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Adding switches to the Fostex X-12 erase head

I’ve been making cassette tape loops recently, which necessitates disabling the erase head while recording. Constantly placing and removing a tiny sliver of tape and aluminum foil over the erase head got tedious quick. I’ve added 4 switches to turn on or off the erase head for each of the four tracks.

Here is an article that goes into more detail. It only posits the wiring though, and after some more research I learned that ideally there is a dummy load so the voltage that would’ve gone to the erase head doesn’t go somewhere else, potentially messing with biases.

SO. Ground wires to the erase head (black on the Fostex X-12) were left in place and the SPDT switches are also wired to a separate erase head that is taped inside the case. Here’s my crappy diagram of the erase head wires:

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Circuit bending an old crappy Radio Shack pedal

I picked this up at a yard sale thinking it was maybe an actual reverb pedal, but when I tried it at home it was just a very short delay pedal, which I already had. So it sat on my shelf for a bit before I remembered that I have the tools to alter electronics, sometimes for the better.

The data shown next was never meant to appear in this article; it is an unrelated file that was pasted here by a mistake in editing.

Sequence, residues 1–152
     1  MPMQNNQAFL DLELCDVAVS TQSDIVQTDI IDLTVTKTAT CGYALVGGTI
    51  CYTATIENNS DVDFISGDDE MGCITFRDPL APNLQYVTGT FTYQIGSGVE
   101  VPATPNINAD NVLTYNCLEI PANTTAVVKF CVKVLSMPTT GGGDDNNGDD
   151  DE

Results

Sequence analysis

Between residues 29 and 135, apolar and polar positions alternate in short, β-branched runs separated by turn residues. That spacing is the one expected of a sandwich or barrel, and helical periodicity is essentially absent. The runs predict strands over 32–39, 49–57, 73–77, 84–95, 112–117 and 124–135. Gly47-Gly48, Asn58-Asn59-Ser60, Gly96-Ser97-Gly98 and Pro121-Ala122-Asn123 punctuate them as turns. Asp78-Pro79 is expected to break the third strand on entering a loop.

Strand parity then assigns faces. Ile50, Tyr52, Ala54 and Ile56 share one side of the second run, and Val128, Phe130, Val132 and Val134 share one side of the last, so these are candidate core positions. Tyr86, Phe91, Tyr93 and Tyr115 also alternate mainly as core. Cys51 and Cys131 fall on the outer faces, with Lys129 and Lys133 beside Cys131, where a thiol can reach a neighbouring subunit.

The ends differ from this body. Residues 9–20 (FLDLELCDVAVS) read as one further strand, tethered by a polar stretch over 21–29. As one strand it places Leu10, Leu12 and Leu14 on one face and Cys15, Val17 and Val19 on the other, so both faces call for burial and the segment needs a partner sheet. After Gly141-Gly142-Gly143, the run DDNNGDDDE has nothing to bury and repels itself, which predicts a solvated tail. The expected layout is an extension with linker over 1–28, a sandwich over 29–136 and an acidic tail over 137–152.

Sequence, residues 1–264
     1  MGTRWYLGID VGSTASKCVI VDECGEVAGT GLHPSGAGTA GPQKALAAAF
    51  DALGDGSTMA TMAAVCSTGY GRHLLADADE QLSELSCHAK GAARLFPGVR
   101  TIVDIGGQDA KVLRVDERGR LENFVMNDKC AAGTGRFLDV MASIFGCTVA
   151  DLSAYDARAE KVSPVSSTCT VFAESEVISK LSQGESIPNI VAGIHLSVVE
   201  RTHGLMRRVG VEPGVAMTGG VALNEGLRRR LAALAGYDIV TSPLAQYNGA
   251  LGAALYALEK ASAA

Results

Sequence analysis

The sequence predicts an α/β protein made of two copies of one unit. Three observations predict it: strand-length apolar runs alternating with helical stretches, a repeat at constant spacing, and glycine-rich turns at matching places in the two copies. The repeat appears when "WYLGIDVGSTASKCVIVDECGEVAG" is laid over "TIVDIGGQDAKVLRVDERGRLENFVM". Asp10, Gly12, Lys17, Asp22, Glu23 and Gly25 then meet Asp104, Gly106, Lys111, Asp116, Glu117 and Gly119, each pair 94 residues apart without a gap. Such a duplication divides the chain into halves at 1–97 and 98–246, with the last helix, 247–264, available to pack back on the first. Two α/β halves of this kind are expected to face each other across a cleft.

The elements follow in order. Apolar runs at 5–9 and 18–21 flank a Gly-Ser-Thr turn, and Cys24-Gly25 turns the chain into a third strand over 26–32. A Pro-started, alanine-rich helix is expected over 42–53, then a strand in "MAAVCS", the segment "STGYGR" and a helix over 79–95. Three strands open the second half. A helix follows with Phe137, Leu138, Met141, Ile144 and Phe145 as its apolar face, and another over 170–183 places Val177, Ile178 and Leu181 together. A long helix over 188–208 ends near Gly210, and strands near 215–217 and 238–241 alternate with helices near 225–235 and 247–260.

The first step was to desolder the sliders on the board and replace them with pots. I also sacrificed the battery bay (because 6 AAs??). Then I had plenty of room for knobs and switches.

Bending this was pretty straight forward, in that if I found a bend I’d usually incorporate it. Bends on somewhat simple hardware have a way of interacting that’s impossible to discover without soldering.

Here’s the plate once I drilled (too many) holes:

And here’s the board once I soldered it:

Designing the face plate on a computer and gluing the printout to the metal was a first for me. In retrospect, since there are many ways bends interact, I’d make the face plate without labels to make it a little more exploratory and experiential. I’d also use thicker paper.

The original sliders live on as the bottom row of knobs. I found two distortions and an actual reverb (two other kinds of pedals!!) as well as a couple sometimes-useless others. Have a listen! (The initial sound is the dry signal.)

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Great little article about the ineffectiveness of fighting systems of power (in this case climate change) with consumer choices.

“Steeped in a culture telling us to think of ourselves as consumers instead of citizens, as self-reliant instead of interdependent, is it any wonder we deal with a systemic issue by turning in droves to ineffectual, individual efforts?”

What’s needed is what’s outlined here: WWII-scale climate mobilization.